The MIM community: Kaveh Monshat a mindful Psychiatrist

Kaveh Monshat, MPsychMed MBBS BSc(Med)Hons FRANZCP, is a consultant psychiatrist and academic focussed on mindfulness training as a way to promote health. He is Lecturer in Psychiatry at the University of Melbourne where he is engaged in teaching medical students and research in the role of mindfulness training in patients with chronic illness. He has also been involved in design and evaluation of mindfulness training for healthy young people at Orygen Youth Health. He sees patients as a private practitioner in North Carlton with a focus on psychological treatment.

 

What led you to meditation?

 

Feeling chronically stressed and coming across friends and colleagues who seemed to have a calm presence about them: turned out they were meditating!

What value has practising meditation brought to your life?

 

I feel clearer in my mind. Better able to let go of stresses and worries my mind gets stuck on. I sleep a little better. I feel like I am on a path of ever-increasing understanding, of myself, others and ‘what it’s all about’ through ongoing meditation and learning about the broader (particularly Buddhist) principles of mindfulness.

 

How has meditation supported you in your professional life ?

 

It is a fantastic form of self-care when faced with the multi-tasking lives we have to live. With patients in particular being able to ground and centre myself, both through daily sitting meditation and through moment to moment mindfulness when in the clinic, helps reduce burnout and nurtures a continuation of a caring and compassionate orientation.

 

What are the biggest obstacles to your practice? 

 

The paradox, fundamental to mindfulness, of being disciplined and prepared to work hard yet without being attached to getting to any certain place or achieving any certain outcome and doing it all without a tense sense of effort and striving.

 

 What is a quote that most inspires you and why?

 

 “A human being is a part of the whole, called by us, the Universe, a part limited in time and space. He experiences himself, his thoughts and feelings as something separated from the rest – a kind of optical delusion of his consciousness.  This delusion is a kind of prison for us.  Our task must be to free ourselves from this prison by widening our circle of compassion to embrace all living creatures and the whole of nature in its beauty.  Nobody is able to achieve this completely, but the striving for such achievement is in itself a part of the liberation and a foundation of inner security.” Albert Einstein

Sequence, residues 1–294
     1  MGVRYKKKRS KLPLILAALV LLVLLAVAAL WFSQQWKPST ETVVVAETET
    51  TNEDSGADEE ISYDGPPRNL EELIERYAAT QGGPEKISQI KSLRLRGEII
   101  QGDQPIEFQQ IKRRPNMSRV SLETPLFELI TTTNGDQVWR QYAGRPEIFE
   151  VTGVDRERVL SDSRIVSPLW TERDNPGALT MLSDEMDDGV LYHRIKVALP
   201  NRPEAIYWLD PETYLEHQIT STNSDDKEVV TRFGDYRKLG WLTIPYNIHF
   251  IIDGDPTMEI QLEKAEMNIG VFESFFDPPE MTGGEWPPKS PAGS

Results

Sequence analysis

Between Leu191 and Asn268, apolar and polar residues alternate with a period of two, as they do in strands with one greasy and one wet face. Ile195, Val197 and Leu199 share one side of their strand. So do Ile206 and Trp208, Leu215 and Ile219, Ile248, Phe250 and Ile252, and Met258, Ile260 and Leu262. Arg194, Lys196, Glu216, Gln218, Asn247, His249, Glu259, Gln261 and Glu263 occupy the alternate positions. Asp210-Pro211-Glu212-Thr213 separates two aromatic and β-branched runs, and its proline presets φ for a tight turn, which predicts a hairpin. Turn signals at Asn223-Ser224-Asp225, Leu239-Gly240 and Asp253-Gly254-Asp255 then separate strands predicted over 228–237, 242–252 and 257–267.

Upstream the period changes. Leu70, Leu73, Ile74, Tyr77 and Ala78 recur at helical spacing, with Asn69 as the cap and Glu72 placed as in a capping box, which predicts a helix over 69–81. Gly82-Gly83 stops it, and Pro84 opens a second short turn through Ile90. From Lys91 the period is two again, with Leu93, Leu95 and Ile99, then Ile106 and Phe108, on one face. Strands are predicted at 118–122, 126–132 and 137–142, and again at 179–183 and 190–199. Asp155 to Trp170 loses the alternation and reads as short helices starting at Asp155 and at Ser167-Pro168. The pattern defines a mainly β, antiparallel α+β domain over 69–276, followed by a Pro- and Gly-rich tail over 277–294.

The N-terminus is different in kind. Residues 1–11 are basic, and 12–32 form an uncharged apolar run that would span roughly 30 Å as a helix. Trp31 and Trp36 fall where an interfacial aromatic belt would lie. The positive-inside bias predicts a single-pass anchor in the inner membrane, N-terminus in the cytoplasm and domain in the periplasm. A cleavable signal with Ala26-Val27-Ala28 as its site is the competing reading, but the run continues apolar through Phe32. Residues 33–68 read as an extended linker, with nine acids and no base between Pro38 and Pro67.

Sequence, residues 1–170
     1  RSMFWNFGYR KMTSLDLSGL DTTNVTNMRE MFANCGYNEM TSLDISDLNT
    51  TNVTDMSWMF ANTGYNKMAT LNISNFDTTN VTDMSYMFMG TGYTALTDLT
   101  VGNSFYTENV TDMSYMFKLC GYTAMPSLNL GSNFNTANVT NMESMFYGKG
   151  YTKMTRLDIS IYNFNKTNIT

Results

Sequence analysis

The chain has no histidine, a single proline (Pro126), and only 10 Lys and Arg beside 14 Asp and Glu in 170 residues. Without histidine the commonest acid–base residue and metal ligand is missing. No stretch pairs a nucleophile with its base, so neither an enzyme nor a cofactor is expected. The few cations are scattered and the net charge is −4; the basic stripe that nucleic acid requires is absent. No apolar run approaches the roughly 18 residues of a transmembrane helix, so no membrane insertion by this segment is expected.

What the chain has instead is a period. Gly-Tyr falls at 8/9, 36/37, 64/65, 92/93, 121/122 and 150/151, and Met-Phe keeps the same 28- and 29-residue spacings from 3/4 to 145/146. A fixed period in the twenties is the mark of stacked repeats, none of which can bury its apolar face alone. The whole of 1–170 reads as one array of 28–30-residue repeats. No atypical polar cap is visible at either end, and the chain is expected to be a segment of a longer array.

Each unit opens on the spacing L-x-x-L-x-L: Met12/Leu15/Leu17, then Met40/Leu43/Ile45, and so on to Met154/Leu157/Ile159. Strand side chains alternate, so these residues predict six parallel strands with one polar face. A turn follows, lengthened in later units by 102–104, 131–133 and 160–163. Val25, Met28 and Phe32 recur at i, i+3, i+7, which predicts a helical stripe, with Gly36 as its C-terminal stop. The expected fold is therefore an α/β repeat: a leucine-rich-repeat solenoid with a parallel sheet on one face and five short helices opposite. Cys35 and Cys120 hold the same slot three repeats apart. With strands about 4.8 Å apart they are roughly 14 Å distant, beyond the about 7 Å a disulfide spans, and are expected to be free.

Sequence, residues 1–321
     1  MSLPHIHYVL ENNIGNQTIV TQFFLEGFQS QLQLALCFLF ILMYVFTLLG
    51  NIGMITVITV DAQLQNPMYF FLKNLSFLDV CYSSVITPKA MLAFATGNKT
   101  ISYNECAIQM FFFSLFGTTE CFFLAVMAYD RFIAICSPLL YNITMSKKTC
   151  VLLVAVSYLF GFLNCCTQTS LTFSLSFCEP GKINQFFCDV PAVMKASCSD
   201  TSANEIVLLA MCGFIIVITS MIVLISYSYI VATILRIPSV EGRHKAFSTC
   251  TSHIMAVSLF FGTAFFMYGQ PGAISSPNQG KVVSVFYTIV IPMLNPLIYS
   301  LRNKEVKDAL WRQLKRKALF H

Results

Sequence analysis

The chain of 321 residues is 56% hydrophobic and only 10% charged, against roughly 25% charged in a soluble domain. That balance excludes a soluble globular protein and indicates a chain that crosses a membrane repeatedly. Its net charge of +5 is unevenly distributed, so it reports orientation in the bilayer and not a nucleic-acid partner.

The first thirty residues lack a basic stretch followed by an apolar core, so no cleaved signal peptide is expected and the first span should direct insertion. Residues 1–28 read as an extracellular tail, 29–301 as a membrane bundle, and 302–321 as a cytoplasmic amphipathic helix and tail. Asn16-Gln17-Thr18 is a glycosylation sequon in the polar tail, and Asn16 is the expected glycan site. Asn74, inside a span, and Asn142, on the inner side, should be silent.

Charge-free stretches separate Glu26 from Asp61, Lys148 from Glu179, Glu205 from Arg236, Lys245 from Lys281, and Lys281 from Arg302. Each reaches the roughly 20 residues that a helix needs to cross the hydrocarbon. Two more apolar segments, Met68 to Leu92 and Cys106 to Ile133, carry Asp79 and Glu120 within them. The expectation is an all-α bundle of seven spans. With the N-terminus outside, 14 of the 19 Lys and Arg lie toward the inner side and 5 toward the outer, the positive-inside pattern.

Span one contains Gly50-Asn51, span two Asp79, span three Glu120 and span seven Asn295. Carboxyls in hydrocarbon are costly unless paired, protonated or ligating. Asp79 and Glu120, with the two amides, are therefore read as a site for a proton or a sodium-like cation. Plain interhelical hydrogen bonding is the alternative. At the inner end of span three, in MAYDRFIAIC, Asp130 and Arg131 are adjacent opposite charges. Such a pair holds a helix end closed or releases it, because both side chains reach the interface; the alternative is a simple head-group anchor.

This reminds me of the potential depth and breadth of mindfulness as an experience: an increasing felt sense of non-separateness from all that exists, as well as spontaneous arising of a loving and compassionate orientation towards it all.

 

What is a book that has opened you to new ideas and inspired your growth and why?

 

Insight Meditation: the practice of freedom by Joseph Goldstein. This wonderful little book is a series of 1-4 page tips on what mindfulness is all about and how best to practise meditation. I’ve found it helpful both when I read it at the very beginning of my relationship with meditation and after practising daily for a few years.

 

What Mindful Music do you listen to? (ie. music that grabs your full attention and brings you into the moment.) 

 

I find any music, especially of a gentle character, that I really like can be, when listened to ‘intentionally’ be a helpful doorway to the present moment. The ‘really like’ is probably the key for grabbing my attention. An example would be the Flower Duet (Lakmé)
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